To the uninitiated, this comes across a simple and unrefined. Ipswich folk are seen as uncultured, outer-suburban bogans, and while they are all those things, there is a greater depth to explore on the borderline. In the country, the shit parts of life are never spoken of; you are expected to appear invulnerable. On the other side, in the middle class suburbs of Brisbane, torment is an affectation. You wear your difficulties as a badge to impress or distinguish yourself.

In Ipswich, despite their lack of ways to express themselves in a refined way, the hard parts of life are accepted, or at least laughed at. There is an understanding that life is just hard, and nothing will change that so you might as well laugh and get drunk about it.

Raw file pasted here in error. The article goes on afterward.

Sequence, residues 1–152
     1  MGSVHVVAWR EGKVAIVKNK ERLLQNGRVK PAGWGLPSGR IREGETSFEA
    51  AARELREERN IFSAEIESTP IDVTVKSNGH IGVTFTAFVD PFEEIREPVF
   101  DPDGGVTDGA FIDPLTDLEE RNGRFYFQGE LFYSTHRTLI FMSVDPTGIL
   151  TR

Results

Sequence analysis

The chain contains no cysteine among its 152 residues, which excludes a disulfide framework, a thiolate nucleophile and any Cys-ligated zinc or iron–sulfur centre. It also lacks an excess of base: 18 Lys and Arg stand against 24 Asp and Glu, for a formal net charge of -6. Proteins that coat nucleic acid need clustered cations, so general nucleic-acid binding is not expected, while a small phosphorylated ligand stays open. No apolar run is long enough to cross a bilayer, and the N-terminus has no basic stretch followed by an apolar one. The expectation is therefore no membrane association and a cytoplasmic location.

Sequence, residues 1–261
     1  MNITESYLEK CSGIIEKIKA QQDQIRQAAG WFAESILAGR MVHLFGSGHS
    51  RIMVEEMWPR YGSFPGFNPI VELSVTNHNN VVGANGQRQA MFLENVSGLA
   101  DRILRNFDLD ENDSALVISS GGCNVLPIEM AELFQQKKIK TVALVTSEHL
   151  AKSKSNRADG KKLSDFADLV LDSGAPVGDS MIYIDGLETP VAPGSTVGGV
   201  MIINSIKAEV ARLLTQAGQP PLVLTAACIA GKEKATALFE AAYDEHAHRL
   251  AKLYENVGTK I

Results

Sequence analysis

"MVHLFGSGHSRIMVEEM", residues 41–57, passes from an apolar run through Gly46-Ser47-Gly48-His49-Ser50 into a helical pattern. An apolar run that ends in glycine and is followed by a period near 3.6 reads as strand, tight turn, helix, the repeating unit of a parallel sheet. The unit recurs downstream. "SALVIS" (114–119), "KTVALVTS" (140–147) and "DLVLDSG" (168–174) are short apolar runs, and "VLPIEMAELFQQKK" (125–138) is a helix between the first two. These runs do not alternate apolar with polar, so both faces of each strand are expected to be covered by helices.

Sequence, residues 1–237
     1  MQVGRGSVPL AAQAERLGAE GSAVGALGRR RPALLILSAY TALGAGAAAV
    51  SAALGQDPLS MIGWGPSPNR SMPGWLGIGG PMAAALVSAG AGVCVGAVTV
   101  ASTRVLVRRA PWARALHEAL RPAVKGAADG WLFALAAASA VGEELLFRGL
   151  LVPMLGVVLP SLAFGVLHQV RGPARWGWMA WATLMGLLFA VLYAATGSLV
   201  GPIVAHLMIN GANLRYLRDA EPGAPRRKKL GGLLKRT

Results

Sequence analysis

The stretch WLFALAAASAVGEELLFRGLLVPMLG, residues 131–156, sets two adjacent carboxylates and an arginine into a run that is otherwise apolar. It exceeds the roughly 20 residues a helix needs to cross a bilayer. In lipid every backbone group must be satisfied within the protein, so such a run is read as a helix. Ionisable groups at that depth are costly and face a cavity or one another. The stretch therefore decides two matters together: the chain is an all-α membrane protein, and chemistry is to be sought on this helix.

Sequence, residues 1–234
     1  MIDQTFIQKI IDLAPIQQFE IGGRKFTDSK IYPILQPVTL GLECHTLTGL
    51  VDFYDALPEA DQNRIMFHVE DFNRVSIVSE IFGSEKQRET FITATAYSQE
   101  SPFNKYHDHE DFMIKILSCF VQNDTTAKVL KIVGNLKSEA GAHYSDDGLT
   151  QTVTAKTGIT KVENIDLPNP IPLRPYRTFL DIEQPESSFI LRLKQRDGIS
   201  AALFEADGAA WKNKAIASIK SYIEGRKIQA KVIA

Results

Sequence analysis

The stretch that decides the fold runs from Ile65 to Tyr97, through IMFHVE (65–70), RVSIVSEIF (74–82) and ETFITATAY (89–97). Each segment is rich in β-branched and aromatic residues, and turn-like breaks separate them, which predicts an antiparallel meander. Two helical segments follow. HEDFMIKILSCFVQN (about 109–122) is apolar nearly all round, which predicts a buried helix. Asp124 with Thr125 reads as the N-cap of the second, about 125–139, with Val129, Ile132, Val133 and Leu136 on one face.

Through my writing, I could find catharsis in humour. I’d realised I found my own situation funny. My wild backstory of a poor, seven-kid family scraping by in a setting where death was around every corner. Making obvious faux pas as a nervous train wreck trying to socialise with the cultural elite. And most of all I found myself appreciating the character I’d become, a rough as guts, smoking, drinking, extremely mentally ill writer. I’d come to find myself funny, a dangerous exercise, and found a place in the world where the only thing I wanted to be, the only thing I had to show to the world, was exactly who I was.

Author: Samuel Maguire is a Brisbane author and professional bipolar-haver. His debut novel No Point in Stopping was published in 2018, and he has had work published in Stilts Journal, Scum Magazine and currently works as an editor for Tiny Owl Publishing. You can find more of his fiction, poetry and brain-wrongs on his blog.

Artist: Nicole Jacobsen is a Brisbane artist, writer, poet, and aspiring editor who regularly finds herself re-befuddled by the difference between who and whom. Her background in Psychology emerges through character studies, obsessive bouts of self-reflection, and recurrent themes of mental health in her work.